7. Forever Interrupted by Taylor Jenkins Reid

On a rainy New Year’s Day, Elise heads out to pick up a pizza for one. She isn’t expecting to see anyone else in the shop, much less the adorable and charming Ben Ross. Their chemistry is instant and electric. Ben cannot even wait twenty-four hours before asking to see her again. Within weeks, the two are head over heels in love. By May, they’ve eloped. Only nine days later, Ben is out riding his bike when he is hit by a truck and killed on impact. Elsie hears the sirens outside her apartment, but by the time she gets downstairs, he has already been whisked off to the emergency room. At the hospital, she must face Susan, the mother-in-law she has never met—and who doesn’t even know Elsie exists. Interweaving Elsie and Ben’s charmed romance with Elsie and Susan’s healing process, Forever, Interrupted will remind you that there’s more than one way to find a happy ending.

8. The Language of Flowers by Vanessa Diffenbaugh

The Victorian language of flowers was used to convey romantic expressions: honeysuckle for devotion, asters for patience, and red roses for love. But for Victoria Jones, it’s been more useful in communicating mistrust and solitude. After a childhood spent in the foster-care system, she is unable to get close to anybody, and her only connection to the world is through flowers and their meanings. Now eighteen and emancipated from the system with nowhere to go, Victoria realizes she has a gift for helping others through the flowers she chooses for them. But an unexpected encounter with a mysterious stranger has her questioning what’s been missing in her life. And when she’s forced to confront a painful secret from her past, she must decide whether it’s worth risking everything for a second chance at happiness.

9. Nothing to See Here by Kevin Wilson

Lillian and Madison were unlikely roommates and yet inseparable friends at their elite boarding school. But then Lillian had to leave the school unexpectedly in the wake of a scandal and they’ve barely spoken since. Until now, when Lillian gets a letter from Madison pleading for her help. Madison’s twin step-kids are moving in with her family and she wants Lillian to be their caretaker. However, there’s a catch: the twins spontaneously combust when they get agitated, flames igniting from their skin in a startling but beautiful way. Lillian is convinced Madison is pulling her leg, but it’s the truth. Thinking of her dead-end life at home, the life that has consistently disappointed her, Lillian figures she has nothing to lose. Over the course of one humid, demanding summer, Lillian and the twins learn to trust each other—and stay cool—while also staying out of the way of Madison’s buttoned-up politician husband. Surprised by her own ingenuity yet unused to the intense feelings of protectiveness she feels for them, Lillian ultimately begins to accept that she needs these strange children as much as they need her—urgently and fiercely. Couldn’t this be the start of the amazing life she’d always hoped for?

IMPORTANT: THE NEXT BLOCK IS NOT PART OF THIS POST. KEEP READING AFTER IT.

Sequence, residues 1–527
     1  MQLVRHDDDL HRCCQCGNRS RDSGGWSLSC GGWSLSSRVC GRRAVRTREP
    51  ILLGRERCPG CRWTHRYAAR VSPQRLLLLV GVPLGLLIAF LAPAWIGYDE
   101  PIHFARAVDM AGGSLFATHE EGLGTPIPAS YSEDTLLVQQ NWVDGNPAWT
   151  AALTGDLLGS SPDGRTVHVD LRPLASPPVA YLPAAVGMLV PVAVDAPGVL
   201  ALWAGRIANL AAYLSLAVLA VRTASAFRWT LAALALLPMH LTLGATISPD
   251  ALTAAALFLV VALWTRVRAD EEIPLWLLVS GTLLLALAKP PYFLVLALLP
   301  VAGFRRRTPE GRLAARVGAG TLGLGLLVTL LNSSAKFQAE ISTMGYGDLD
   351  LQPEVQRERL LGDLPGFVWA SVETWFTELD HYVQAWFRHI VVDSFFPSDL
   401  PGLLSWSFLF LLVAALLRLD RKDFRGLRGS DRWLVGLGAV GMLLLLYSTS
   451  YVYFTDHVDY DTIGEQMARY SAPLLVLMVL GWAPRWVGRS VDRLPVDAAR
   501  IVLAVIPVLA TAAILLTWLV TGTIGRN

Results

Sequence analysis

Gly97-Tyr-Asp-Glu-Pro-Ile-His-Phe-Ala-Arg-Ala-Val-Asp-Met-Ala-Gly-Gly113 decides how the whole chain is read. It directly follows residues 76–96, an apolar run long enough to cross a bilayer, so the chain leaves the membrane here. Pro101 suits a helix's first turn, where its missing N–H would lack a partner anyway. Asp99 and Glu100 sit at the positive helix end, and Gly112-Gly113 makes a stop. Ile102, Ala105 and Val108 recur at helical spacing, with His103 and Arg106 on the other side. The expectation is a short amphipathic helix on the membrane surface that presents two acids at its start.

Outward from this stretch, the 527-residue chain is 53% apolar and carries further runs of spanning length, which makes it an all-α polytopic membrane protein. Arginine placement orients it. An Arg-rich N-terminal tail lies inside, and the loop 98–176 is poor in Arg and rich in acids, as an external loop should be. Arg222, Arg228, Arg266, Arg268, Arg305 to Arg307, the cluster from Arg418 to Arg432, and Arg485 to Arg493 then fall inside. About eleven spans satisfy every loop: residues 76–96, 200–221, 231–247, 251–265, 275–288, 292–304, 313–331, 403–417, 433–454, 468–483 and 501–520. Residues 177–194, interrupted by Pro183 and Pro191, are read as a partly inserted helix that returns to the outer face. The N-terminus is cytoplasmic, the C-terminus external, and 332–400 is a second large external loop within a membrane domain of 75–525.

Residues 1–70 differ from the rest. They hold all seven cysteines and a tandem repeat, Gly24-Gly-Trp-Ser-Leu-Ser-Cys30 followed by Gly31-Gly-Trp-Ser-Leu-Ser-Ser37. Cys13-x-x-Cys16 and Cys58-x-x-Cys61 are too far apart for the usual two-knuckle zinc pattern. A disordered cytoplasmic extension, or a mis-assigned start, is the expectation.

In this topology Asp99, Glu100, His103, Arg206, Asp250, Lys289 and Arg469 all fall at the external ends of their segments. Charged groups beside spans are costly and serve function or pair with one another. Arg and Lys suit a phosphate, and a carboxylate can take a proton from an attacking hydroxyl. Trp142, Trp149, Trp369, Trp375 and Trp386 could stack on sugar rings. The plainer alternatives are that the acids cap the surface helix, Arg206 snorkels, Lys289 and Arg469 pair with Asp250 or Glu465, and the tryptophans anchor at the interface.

10. The Simple Wild by K.A. Tucker

Calla Fletcher was two when her mother took her and fled the Alaskan wild, unable to handle the isolation of the extreme, rural lifestyle, leaving behind Calla’s father, Wren Fletcher, in the process. Calla never looked back, and at twenty-six, a busy life in Toronto is all she knows. But when her father reaches out to inform her that his days are numbered, Calla knows that it’s time to make the long trip back to the remote frontier town where she was born. She braves the roaming wildlife, the odd daylight hours, the exorbitant prices, and even the occasional—dear God—outhouse, all for the chance to connect with her father: a man who, despite his many faults, she can’t help but care for. While she struggles to adjust to this new subarctic environment, Jonah—the quiet, brooding, and proud Alaskan pilot who keeps her father’s charter plane company operational—can’t imagine calling anywhere else home. And he’s clearly waiting with one hand on the throttle to fly this city girl back to where she belongs, convinced that she’s too pampered to handle the wild. Jonah is probably right, but Calla is determined to prove him wrong. As time passes, she unexpectedly finds herself forming a bond with the burly pilot. As his undercurrent of disapproval dwindles, it’s replaced by friendship—or perhaps something deeper? But Calla is not in Alaska to stay and Jonah will never leave. It would be foolish of her to kindle a romance, to take the same path her parents tried—and failed at—years ago.